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Waterborne vs. solvent

Wednesday, June 5, 2019 - 06:00
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In a world that is continually changing and evolving, it seems that if you don’t get with the modern era, it will pass you by before you even realize it. Tomorrow’s iPhone 6 is yesterday’s iPhone 5. Technology is advancing at a rate that most have a hard time comprehending, which for us runs parallel to the equipment and development of newer vehicles and repair processes. 

With these modern times comes new ideas in paint technology. If you take a moment and do a search for the process of making the new Lexus color Structural Blue, it’s quite fascinating to say the least. We are seeing more translucent colors coming available, more chromatic colors becoming available and quad sage colors coming from the factory, with no slowing down in sight. Yet, for some reason we have a collision repair industry that holds back and is reluctant to change. All over what can be quite simply the easiest thing they will do — converting from solvent to water. Why is that? Let’s talk about.

Tools have improved greatly over the past decade, but in my experience, I had a harder time matching solvents than waterborne.

For many shop owners and even painters, it seems that they are hellbent on holding onto solvent for their collision work. With excuses such as “there’s nothing wrong with it;” “I don’t have any paint issues;” or “I don’t want to slow down waiting for it to dry,” tends to sound much like the same thing heard by the previous generation when the introduction of basecoat/clearcoat systems came into the market and the old days of lacquer and enamel were being phased out. Most times the biggest issue tends to be not the swap itself, but education about the differences and actually understanding of the advantages of a water system.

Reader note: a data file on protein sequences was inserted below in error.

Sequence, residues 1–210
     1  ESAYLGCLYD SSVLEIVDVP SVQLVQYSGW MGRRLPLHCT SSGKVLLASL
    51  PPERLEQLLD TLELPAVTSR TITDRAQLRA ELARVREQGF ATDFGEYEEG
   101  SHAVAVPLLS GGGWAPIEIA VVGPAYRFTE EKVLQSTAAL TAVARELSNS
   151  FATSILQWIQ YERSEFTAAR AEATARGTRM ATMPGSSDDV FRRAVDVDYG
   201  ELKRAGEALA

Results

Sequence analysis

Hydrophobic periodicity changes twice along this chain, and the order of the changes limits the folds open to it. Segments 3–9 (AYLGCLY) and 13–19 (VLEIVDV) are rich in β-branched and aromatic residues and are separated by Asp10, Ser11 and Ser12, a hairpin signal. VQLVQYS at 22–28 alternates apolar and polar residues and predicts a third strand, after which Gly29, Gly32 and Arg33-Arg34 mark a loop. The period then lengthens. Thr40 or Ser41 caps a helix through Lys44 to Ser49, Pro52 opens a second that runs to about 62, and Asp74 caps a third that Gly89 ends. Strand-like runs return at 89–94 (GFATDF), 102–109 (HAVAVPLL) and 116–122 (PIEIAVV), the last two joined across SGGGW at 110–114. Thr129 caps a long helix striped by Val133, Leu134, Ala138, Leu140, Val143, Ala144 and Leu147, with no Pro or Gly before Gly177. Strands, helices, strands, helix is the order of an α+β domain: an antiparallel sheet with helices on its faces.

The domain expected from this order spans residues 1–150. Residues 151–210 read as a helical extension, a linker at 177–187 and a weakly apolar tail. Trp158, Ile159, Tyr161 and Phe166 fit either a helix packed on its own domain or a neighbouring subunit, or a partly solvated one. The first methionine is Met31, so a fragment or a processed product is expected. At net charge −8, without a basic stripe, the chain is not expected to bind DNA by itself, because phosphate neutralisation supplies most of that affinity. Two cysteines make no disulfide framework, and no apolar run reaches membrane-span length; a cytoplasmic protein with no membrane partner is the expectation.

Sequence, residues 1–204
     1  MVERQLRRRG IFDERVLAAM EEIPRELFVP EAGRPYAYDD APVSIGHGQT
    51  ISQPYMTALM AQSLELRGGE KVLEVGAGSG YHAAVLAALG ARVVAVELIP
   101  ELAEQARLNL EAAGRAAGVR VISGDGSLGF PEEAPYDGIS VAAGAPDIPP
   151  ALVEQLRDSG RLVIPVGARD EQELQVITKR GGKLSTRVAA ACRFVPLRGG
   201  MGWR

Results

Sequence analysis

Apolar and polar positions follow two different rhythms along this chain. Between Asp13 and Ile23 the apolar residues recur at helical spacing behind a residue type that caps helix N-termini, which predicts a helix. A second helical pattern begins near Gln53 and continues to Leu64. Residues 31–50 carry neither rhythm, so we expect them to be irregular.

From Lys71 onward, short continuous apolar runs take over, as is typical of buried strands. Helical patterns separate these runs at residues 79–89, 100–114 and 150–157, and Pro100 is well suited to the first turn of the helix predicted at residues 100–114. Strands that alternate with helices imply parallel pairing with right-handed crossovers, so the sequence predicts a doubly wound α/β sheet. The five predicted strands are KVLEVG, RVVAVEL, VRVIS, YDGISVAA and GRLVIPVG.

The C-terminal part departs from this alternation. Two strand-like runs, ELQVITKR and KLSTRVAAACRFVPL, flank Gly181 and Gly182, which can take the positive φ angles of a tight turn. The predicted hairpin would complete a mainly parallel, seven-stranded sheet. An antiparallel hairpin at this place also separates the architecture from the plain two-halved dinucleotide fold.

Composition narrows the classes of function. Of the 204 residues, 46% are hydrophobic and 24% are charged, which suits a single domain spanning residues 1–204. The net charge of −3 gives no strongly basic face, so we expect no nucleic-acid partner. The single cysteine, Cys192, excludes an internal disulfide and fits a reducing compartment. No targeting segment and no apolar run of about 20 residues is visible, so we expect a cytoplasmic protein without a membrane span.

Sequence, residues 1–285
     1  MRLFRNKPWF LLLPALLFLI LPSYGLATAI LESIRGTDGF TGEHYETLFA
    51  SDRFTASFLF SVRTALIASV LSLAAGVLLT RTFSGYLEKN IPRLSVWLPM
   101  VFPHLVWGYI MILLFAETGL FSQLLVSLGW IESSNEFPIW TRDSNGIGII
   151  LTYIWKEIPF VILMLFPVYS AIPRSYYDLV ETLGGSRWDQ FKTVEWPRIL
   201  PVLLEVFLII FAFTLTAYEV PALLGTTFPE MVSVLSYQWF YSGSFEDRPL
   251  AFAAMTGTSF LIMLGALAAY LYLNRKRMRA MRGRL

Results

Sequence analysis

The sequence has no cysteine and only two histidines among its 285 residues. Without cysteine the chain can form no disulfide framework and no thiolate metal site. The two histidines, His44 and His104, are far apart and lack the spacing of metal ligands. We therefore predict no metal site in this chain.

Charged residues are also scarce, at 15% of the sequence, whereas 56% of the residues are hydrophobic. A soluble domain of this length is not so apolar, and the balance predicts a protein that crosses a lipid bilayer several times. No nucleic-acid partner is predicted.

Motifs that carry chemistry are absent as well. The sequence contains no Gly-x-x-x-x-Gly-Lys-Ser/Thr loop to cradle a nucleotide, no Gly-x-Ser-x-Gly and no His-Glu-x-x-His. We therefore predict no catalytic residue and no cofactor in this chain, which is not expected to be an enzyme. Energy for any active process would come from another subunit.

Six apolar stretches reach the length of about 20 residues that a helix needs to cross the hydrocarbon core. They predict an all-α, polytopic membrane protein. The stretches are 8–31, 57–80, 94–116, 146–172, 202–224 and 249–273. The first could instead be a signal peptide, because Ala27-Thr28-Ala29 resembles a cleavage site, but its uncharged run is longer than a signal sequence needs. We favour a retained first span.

About 10 years ago, most of the OEMs had made the transition to water and vehicles in production were now coming with waterborne paint jobs. Those still spraying solvent began to start having more issues in matching the colors (myself included here!) Waterborne can give a lot cleaner, more vibrant color than the solvents. I remember having a hard time working some of the solid blacks from Toyota because the newer water version of the color tended to have a brown cast on the side. Many of the colors I came across were becoming harder to match in solvent, but the one thing I had continually heard was about the color match being so much better in water. And it wasn’t just in the line I was spraying, I was hearing that from users of all paint lines. The color match tools available today in the water systems are far superior to what was/is available in solvent lines today. For the longest time the deck of color chips seemed to be a waste as it was a representation of the color and not an actual spray out. Or the color that was sprayed out for one line was actually another line. As absurd as that sounds, it was a not-so-quiet secret that many paint reps would tell you. The spectrophotometers are more adapted to water technology and are being updated and fine-tuned each year for helping in color match.  As with anything, these are TOOLS and not a crutch, folks. Know your basics first, and use the tools provided to add value to your worth.

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